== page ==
PERSIST Steering Committee meets in Abu Dhabi

From 14 till 16 March the Steering Committee of the UNESCO PERSIST Project on digital sustainability will discuss its plans for the coming two years in a meeting organised by the National Archives of the United Arab Emirates.

Abu Dhabi (Photo: CC/ | Noel Reynolds)

Preserving digital information

How the world can preserve digital information over longer periods of time is a very serious issue that affects everyone. Carriers like hard disks have a short life span, and even if one manages to keep the bits and bytes, the risk that current hard- and software is unable to process older data is very real. Archives, museums and libraries cannot solve this problem on their own. Solutions must come from a dialogue between these institutions, governments and the ICT-industry. The UNESCO PERSIST Projects is the platform for this dialogue.


In Abu Dhabi the steering committee will be deciding how to disseminate and test the PERSIST Guidelines for the Selection of Digital Heritage, which is the first concrete outcome of the PERSIST project.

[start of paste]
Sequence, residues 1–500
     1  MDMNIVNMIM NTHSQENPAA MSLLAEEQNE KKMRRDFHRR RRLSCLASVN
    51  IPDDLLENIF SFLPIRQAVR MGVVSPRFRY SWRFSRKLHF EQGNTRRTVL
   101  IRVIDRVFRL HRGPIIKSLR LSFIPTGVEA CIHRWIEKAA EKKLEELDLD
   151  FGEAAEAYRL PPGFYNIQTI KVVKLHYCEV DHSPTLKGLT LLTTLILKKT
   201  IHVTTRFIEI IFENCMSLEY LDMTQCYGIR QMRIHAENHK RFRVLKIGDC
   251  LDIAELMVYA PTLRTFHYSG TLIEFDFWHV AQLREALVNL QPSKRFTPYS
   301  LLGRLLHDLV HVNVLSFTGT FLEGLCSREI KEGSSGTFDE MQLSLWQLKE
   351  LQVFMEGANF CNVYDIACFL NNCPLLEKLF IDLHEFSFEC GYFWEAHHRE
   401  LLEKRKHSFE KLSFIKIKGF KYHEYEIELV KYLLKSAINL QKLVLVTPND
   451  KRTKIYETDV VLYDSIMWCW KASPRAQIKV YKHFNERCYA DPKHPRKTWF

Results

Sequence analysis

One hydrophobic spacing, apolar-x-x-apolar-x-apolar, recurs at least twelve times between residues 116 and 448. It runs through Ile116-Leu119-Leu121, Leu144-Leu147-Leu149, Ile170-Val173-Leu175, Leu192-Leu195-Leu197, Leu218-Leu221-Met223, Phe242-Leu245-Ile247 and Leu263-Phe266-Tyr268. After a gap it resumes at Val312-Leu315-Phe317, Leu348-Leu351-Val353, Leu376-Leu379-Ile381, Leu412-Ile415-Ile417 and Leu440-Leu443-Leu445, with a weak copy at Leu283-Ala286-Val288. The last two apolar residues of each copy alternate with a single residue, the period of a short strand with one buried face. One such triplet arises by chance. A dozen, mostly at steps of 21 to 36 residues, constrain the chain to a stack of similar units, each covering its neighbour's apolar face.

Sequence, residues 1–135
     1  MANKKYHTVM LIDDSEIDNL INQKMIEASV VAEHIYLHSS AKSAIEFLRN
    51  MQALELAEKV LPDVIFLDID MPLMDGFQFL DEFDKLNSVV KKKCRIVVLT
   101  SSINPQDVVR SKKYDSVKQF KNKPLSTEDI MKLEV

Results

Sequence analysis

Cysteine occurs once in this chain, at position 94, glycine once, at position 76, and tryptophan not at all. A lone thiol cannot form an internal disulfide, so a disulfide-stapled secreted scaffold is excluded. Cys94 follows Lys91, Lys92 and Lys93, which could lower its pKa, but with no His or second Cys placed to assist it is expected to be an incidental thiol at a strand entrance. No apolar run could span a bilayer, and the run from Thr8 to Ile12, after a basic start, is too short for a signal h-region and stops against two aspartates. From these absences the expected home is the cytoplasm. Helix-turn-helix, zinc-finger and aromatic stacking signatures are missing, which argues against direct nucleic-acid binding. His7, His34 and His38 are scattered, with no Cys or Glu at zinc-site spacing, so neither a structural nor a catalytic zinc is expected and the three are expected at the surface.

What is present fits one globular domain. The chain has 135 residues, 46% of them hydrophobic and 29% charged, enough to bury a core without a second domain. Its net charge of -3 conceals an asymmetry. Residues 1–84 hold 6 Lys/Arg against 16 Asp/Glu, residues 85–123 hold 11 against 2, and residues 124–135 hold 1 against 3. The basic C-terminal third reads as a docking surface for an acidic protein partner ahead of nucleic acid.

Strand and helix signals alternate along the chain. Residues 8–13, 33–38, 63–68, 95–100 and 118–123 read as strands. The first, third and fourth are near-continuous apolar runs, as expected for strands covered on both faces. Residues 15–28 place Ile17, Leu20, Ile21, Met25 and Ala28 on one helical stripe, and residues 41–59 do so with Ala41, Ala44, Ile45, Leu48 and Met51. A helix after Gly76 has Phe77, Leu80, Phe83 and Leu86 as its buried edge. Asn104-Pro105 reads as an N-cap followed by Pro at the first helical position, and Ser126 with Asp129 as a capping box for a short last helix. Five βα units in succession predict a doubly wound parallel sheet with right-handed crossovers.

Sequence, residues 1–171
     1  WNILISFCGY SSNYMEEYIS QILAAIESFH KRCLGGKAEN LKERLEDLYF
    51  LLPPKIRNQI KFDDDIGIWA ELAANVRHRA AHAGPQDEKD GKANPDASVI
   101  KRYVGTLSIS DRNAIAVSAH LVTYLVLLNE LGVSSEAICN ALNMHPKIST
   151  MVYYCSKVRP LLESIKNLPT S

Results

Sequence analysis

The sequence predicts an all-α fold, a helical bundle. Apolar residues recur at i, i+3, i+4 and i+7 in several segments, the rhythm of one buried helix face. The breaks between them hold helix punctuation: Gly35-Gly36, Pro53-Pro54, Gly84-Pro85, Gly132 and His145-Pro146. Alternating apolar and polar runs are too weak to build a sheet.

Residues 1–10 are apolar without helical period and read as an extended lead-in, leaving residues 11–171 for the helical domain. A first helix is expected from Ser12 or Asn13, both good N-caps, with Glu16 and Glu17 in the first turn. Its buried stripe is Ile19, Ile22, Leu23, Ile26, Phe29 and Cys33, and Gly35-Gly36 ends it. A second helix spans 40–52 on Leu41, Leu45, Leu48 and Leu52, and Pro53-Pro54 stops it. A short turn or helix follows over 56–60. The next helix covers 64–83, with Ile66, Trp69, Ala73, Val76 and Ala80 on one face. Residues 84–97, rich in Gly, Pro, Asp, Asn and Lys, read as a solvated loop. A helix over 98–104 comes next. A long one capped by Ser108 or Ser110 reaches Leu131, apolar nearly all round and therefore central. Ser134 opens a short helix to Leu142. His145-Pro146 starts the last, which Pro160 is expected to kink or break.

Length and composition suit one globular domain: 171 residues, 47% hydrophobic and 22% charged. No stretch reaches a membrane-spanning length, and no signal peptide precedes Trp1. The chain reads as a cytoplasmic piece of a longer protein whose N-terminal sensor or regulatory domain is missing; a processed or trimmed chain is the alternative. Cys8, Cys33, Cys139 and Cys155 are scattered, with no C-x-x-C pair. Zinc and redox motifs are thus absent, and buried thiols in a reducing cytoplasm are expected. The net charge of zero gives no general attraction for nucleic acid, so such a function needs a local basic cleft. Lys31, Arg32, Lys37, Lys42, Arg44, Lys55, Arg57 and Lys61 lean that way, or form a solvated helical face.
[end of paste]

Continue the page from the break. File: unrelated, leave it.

On the agenda is the contribution of the new Policy Task Force to the implementation of the ‘UNESCO Recommendation concerning the Preservation of, and access to, Documentary Heritage including in Digital Form’.


Furthermore, decisions will be made on how to organise the UNESCO Persist Organisation (UPO) financially, organisationally and legally; UPO should form the solid basis of PERSIST’s work, including the proposed Platform for Legacy Software.

The committee will also discuss how to further the establishment of a goodwill ambassador for UNESCO’s work on digital sustainability.


Sessions have been planned with experts who are not yet involved with the project, but who will share their experiences with digital preservation and who will give their advice to UNESCO. Amongst these are Fu Hua, who will speak about digital archives in China; Maureen Pennock, who works for digital heritage in the British Library and Joachim Jung from Open Preservation. 

Agenda of the meeting of the Persist Steering Committee.

Digital information is difficult to preserve over longer periods of time. Carriers like hard disks have a short life span, and even if one manages to keep the bits and bytes, the risk that current hard- and software is unable to process the old data is very real. Archives, museums and libraries are acutely aware of these problems, yet they cannot find solutions on their own. The UNESCO PERSIST Project stimulates the debate between these institutions, government and the ICT-industry in order to promote digital sustainability. In its first phase PERSIST was coordinated by the Netherlands National Commission for UNESCO.

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